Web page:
Judge rules bees are fish

J. Alan Nelson

The California Supreme Court left in place a lower-court decision holding that bees are fish—at least for the purpose of protecting them under California’s endangered species law. American Bar Association


Since information is physical,

and bumblebees are now fish,

I create my own world from words.


A steep slope in the Myrkviðr Impenetrable Forest

falls away from a window

that makes up a single wall.


I hold a bottomless cup of coffee

like Thor’s drinking horn

that drains the North Sea.


When I drink, coffee junkies

at Starbucks wince

as prices rise with a buzz.


I grow whiskers to stroke

like a portable, scruffy dog.

My dogs need a break. They roam outside.


I read from a room full of more books

than I can read in two lifetimes.

Every day more books arrive.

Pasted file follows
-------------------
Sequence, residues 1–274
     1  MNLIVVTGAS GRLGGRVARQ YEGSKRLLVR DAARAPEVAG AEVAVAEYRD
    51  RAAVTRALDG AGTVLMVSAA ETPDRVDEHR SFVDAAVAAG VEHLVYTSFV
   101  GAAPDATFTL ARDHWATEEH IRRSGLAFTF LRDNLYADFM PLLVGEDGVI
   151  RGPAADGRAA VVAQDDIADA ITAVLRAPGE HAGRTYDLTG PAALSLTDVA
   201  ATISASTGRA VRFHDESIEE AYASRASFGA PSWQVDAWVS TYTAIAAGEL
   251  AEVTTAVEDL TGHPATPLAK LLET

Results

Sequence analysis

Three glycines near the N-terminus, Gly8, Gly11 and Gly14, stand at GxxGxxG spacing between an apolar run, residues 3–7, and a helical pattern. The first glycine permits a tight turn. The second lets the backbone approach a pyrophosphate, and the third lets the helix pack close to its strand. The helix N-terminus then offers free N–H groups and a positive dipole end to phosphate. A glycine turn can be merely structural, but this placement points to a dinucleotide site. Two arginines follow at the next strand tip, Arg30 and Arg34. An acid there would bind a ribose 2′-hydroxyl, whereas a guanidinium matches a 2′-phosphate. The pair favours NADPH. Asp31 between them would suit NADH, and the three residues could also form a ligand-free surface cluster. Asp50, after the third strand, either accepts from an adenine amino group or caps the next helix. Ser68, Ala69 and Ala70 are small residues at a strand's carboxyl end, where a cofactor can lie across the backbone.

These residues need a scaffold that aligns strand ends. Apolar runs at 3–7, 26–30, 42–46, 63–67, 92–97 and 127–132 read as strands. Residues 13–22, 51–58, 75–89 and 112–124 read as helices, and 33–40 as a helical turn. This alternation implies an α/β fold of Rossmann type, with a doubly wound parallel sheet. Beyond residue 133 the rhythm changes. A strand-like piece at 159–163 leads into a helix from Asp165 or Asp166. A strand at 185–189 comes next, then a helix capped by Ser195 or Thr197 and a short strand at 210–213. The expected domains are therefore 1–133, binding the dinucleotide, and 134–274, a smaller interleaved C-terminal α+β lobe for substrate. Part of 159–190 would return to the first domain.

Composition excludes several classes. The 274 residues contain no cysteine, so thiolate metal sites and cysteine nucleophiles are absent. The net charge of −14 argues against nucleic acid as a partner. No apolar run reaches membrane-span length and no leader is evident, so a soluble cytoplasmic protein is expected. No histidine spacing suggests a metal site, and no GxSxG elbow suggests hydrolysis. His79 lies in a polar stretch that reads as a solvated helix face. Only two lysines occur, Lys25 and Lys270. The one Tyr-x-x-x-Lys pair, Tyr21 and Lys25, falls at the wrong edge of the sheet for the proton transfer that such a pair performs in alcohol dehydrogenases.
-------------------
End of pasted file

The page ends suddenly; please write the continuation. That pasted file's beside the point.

I lean on stairs that stop at the ceiling.

Stairs are better than chairs.

There’s many places to sit books


and my coffee.

An enormous wolf, Fenrisúlfr,

curls between book stacks.


It snores with the hum of a bee

under water.

A gnawed hand lies by its muzzle.



Some days I read etymologies.

That’s how I know Alan

superpositions several realities deep in its morpheme:


little rock, handsome, a Celtic deity,

an ancient Persian tribe of the Great Salt Desert,

and my favorite, a wolf.


I stroke the scruff of my chin,

sip my coffee,

watch the fish buzz around a hive.


I toss my head and howl.

The wolf and the dogs join. They fear

my words might say they’re squirrels.


J. Alan Nelson, a writer and actor, has received nominations for a Pushcart Prize, Best of Net poetry and Best Microfiction. He has work published or forthcoming in many journals including New York Quarterly, takahē, B O D Y, Litro, Stand, and Eunoia Review. He also played the lead in the viral video “Does This Cake Make Me Look Gay?” and  the verbose “Silent Al” in the Emmy-winning SXSWestworld, and narrated New York Times videos on PEPFAR.